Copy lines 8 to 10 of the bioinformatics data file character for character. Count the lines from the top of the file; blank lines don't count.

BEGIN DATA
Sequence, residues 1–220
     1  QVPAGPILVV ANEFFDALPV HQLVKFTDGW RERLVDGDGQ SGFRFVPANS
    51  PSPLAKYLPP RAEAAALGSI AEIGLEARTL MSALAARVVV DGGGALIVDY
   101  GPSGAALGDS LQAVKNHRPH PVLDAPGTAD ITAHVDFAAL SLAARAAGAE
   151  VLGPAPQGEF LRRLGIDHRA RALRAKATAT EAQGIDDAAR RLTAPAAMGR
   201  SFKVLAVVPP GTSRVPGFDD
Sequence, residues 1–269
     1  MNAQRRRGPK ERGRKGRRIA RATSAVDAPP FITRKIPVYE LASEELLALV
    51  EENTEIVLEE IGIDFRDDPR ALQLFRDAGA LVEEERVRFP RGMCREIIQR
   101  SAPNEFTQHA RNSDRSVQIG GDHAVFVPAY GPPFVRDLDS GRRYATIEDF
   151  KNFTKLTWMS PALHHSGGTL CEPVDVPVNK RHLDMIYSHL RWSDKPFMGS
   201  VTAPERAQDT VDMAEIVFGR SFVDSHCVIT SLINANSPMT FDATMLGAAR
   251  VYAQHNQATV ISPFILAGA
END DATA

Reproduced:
     1  MNAQRRRGPK ERGRKGRRIA RATSAVDAPP FITRKIPVYE LASEELLALV
    51  EENTEIVLEE IGIDFRDDPR ALQLFRDAGA LVEEERVRFP RGMCREIIQR
   101  SAPNEFTQHA RNSDRSVQIG GDHAVFVPAY GPPFVRDLDS GRRYATIEDF